Jury Sides With San Diego Comic-Con in Trademark Spat

SAN DIEGO (CN) – A six-person jury late Friday found San Diego Comic-Con’s trademark is valid and enforceable, and awarded the decades-old comic convention $20,000 in damages caused by another city convention’s use of the mark.

The much-anticipated verdict against Salt Lake (Utah) Comic Con creates legal precedent for San Diego Comic-Con to pursue trademark infringement claims against the more than 140 other “comic cons” around the country, which are using the trademark without the San Diego company’s permission.

During closing arguments Thursday, San Diego Comic-Con’s attorney Callie Bjurstrom of Pillsbury indicated her client may do just that. She said San Diego Comic-Con has the “right to decide who to pursue and when” but that it was pursuing “the worst offenders first.”

Jurors deliberated for a day and a half before coming back with a verdict in favor of San Diego Comic-Con, finding the owners and operators of Salt Lake Comic Con – Dan Farr Productions and its co-founders Dan Farr and Bryan Bradenburg – used the trademark in a way that was likely to confuse consumers.

During his testimony earlier this week, Bradenburg said he was aware of San Diego’s trademark before deciding to name the Utah event Salt Lake Comic Con in 2013. But because his event’s name didn’t have a hyphen and more than 140 other events used “comic con” in their name without permission, Bradenburg believed it was appropriate to use the name.

While San Diego Comic-Con had asked for over $12 million in damages – including over $9 million to be used in a “corrective advertising campaign to separate the San Diego event from the one in Salt Lake City – jurors only awarded the plaintiff $20,000. The jury also found that while all defendants had used the trademark without permission, they did not willfully infringe the mark.

In a written statement to Courthouse News, Bjurstrom and San Diego Comic Convention’s chief communications and strategy officer David Glanzer said “from the beginning all that we asked of the defendants was to stop using our Comic-Con trademarks.”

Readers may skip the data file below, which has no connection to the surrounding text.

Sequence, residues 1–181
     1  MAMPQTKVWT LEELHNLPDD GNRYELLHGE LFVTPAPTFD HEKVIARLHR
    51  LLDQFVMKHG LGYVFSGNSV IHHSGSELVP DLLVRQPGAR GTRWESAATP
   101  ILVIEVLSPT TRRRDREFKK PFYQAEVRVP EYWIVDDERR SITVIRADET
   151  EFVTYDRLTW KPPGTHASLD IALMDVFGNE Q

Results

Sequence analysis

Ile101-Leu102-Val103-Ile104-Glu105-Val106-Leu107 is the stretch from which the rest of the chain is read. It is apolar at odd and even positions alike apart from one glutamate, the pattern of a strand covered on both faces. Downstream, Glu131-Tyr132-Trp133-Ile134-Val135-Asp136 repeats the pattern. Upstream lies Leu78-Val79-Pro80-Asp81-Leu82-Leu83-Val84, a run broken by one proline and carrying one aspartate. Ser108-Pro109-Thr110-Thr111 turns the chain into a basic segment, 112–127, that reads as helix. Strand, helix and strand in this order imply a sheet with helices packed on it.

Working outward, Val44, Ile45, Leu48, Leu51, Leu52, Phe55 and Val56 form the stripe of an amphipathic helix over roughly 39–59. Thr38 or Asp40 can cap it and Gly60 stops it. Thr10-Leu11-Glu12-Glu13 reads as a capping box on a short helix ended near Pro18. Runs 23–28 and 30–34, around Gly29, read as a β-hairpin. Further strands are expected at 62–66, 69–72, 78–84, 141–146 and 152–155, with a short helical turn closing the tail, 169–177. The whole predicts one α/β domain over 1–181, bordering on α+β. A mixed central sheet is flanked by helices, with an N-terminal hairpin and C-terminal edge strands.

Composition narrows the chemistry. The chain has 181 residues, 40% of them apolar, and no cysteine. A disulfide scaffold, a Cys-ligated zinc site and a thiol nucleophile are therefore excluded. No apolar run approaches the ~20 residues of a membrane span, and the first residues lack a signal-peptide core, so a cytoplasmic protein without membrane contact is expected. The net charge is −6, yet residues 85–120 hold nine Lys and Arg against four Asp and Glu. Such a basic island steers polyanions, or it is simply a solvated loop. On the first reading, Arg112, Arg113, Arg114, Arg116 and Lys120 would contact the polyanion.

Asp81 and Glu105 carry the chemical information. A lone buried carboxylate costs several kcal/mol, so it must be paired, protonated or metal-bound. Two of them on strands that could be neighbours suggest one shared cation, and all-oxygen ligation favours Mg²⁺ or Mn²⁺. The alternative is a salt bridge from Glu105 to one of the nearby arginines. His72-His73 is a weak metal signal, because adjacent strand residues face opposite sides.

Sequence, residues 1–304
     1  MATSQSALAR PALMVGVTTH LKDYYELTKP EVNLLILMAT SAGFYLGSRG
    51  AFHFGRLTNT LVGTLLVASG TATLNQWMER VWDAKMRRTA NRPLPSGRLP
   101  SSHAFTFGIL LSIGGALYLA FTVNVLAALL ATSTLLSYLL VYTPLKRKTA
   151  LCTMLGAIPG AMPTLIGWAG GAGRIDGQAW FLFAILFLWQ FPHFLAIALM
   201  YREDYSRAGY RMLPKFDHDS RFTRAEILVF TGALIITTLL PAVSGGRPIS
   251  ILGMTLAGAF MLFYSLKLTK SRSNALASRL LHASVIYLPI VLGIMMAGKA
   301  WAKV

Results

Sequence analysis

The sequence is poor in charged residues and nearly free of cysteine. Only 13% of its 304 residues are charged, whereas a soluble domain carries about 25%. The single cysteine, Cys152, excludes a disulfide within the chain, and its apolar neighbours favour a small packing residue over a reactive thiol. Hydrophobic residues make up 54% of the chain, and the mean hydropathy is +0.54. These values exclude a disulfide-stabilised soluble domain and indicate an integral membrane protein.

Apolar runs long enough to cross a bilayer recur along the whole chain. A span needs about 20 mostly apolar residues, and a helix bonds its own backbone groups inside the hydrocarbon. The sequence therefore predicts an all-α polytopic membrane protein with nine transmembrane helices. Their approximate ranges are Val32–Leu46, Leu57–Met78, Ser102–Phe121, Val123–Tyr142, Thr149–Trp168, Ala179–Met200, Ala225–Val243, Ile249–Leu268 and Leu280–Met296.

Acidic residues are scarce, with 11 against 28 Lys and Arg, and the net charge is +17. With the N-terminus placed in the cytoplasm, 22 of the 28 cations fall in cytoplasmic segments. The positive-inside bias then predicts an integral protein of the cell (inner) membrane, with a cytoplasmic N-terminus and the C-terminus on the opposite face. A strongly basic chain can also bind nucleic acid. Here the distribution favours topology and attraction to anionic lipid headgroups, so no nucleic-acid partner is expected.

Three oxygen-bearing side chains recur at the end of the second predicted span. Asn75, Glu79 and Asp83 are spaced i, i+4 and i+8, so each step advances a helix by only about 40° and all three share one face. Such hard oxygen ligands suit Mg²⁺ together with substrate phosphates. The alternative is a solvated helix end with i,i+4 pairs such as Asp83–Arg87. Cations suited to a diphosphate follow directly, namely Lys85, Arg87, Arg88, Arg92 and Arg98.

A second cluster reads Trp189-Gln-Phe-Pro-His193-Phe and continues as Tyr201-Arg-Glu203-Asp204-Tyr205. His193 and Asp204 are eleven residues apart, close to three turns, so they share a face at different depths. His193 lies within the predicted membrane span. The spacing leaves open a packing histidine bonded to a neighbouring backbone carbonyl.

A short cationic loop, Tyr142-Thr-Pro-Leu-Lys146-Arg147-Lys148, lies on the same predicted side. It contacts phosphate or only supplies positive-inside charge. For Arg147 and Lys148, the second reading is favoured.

Their statement continued: “San Diego Comic Convention has used the Comic-Con trademarks in connection with our comics and popular arts conventions for almost 50 years. We have invested substantial time, talent and resources in our brand resulting in world-wide recognition of the Comic-Con convention held annually in San Diego. The jury today upheld San Diego Comic Convention’s trademarks as valid. The jury also found that Dan Farr Productions, Daniel Farr and Bryan Brandenburg each infringed San Diego Comic Convention’s marks. San Diego Comic Convention respects the decision of the jury.”

Following the verdict, Salt Lake Comic Con attorney Michael Katz of Maschoff Brennan said they were disappointed by the verdict and believed “we put on case which would support that comic con is generic.”

He said it “seemed like the jury came to some kind of compromise” since they found Salt Lake Comic Con had infringed the trademark but only awarded $20,000 of the $12 million San Diego Comic-Con asked for.

And supporters of the Salt Lake City event took to Twitter and social media after the verdict, rallying around their convention with the hashtag #IStandWithSLCC.

Although San Diego Comic-Con prevailed at trial, the case is not entirely resolved. U.S. District Judge Anthony Battaglia still needs to rule on several motions, including one for an injunction barring Salt Lake Comic Con from using the trademark in its name.

Battaglia asked attorneys for both sides to file briefs with the court within 30 days. A hearing date has not yet been set.


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